Experimental Psychology Career Path

All too often, people tend to confuse psychologists with psychiatrists. They picture a psychologist as someone sitting next to a patient on a couch, asking the patient to follow a watch with his or her eyes as it swings back and forth. This, of course, is understandable; after all, many psychologists do a majority of their work in a clinical setting. However, psychologists tend to focus their work more on general human behavior, rather than that of individual people.


What is Experimental Psychology?

The field of psychology in general is very complex, given that it deals with an equally complex subject: the human mind. For years, the accepted school of thought was that psychology itself was far too vague of a field to ever have a need for well-defined research methods. Most believed that no two minds responded to external or internal stimuli in the same fashion. Thus, no methods could be created to accurately measure behavior, let alone attempt to predict it. However, early pioneers began to formulate theories based off of their observations. Further evaluation of those observations lead to the development of methods used to validate those theories. The development of these methods is the basis of experimental psychology.

Today, those working in experimental psychology jobs continue to focus on creating tests and experiments which allow theories to be tested and validated. As such, they work very little with patients in a clinical setting. Rather their work happens in the classroom and the lab, evaluating data from all of the various psychological disciplines, including:

  • Child psychology
  • Abnormal psychology
  • Developmental psychology
  • Cognitive psychology
  • Social psychology

Undergraduate and Graduate Degree Programs

With experimental psychology being such a highly-specialized yet comprehensive field, it should come as little surprise to learn that few schools actually offer a dedicated experimental psychology undergraduate program. Rather, most of those who pursue such a career tend to focus their undergraduate studies on non-clinical psychology. As most of the jobs in experimental psychology require graduate studies, it’s recommended that you identify a particular graduate program that you wish to participate in early on in your educational career. Study the admission requirements to see exactly what that particular program is looking for, and tailor your undergraduate work to fulfill them.

Since experimental psychologists do not work in clinical settings, most graduate programs tend to look for applicants that have focused their coursework on data collection and analysis, understanding various research methods, and organizing data into papers and reports. Therefore, along with the psychology courses needed to satisfy program admission requirements, you may also want to include classes in science and statistics as part of your coursework. Consider meeting with a faculty member to express you interest in experimental psychology. As many of the psychologists working in academia do so because they too enjoy the research aspect of it, he or she may be willing to mentor and prepare you for your graduate studies. Many graduate courses will often select students based largely off of their shared interests with faculty members.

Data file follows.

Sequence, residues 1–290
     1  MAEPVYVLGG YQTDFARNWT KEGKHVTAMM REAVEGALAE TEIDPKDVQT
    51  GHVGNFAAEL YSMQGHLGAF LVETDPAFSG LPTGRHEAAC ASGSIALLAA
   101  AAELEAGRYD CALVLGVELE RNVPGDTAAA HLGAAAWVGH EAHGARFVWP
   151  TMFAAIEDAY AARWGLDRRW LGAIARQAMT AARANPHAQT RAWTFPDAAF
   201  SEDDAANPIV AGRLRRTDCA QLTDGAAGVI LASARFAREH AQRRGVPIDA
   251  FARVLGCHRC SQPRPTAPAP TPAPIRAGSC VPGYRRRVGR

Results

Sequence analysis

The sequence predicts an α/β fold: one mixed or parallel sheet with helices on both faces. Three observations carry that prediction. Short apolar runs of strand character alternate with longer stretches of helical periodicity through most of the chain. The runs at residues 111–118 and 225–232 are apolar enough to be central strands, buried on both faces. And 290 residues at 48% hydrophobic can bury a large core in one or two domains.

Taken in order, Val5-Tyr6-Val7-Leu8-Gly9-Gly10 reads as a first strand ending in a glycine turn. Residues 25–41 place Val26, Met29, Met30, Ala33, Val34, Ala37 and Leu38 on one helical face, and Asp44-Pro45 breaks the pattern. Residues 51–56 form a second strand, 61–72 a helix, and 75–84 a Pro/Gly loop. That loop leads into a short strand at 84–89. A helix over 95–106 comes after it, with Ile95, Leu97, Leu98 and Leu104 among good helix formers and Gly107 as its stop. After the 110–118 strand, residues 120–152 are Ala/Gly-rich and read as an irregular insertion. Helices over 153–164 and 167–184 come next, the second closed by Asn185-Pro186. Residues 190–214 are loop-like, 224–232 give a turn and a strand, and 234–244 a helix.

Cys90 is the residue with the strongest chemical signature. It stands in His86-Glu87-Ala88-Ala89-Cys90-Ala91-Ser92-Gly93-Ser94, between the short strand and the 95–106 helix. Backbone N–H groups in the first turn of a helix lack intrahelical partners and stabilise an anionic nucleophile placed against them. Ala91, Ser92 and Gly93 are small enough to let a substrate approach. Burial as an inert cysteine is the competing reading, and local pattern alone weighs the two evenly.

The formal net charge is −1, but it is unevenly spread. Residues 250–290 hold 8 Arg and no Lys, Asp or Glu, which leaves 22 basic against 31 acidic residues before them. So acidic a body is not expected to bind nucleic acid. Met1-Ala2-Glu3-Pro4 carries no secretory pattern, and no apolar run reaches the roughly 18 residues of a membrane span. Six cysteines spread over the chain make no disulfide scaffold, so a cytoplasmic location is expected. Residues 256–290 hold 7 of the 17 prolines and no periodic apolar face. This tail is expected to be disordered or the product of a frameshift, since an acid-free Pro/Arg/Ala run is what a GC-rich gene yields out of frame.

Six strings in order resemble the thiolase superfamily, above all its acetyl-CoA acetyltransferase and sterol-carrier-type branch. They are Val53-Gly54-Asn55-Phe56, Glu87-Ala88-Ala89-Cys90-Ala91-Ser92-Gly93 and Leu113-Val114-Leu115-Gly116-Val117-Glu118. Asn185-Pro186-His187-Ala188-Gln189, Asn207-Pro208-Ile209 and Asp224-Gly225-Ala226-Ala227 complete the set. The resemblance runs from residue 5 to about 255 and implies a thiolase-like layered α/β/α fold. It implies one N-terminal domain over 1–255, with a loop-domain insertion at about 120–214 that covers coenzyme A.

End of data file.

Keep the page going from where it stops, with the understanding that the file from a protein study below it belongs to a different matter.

Once you’ve entered your graduate program, you can expect your coursework to be even more geared towards research methods. Most programs will concentrate on scientific philosophies such as intelligence measurement and research design. These classes are blended with psychology courses such as:

  • Neuropsychology
  • Cognitive nature
  • Techniques for administering and evaluating psychological assessments

Most online programs related to experimental psychology are found at the graduate level. These courses are designed specifically for those students who’ve completed an undergraduate degree and are currently working in the fields of psychology or scientific research. As such, they typically don’t have any sort of practicum requirements. You can access the coursework and lectures at night when you’re not working. Again, expect a heavy emphasis on research. While you may be required to work collaboratively with other students, the online environment makes communication easy.

Careers in Experimental Psychology

What kind of careers will be awaiting you once you’ve completed your degree? The answer depends largely on where you want to work. Many experimental psychologists currently work in colleges and universities helping to support their colleagues through developing new research methods. However, that’s not to say that there aren’t jobs available in the public and private sectors. Government agencies will often employ experimental psychologists to develop assessments that assist social workers or those going through the criminal justice system. Large companies and corporations may also look to bring on experimental psychologists either full-time or as consultants to help develop employee wellness programs or create new human resources policies. They may also call in experimental psychologists to help establish testing standards to measure and evaluate consumer trends and patterns.

Given the evolution of experimental psychology from theoretical impossibility to practical practice, you can easily assume that the field will continue to change dramatically in the future. With this change may come an increase in the number of experimental psychology jobs and careers. If you want to help your contemporaries by developing the techniques that will allow them to better predict patterns of human behavior, a career in this field may be just right for you.

About this article

Experimental Psychology Jobs

All Sources -
Updated Sep 14 2016 About encyclopedia.com content Print Topic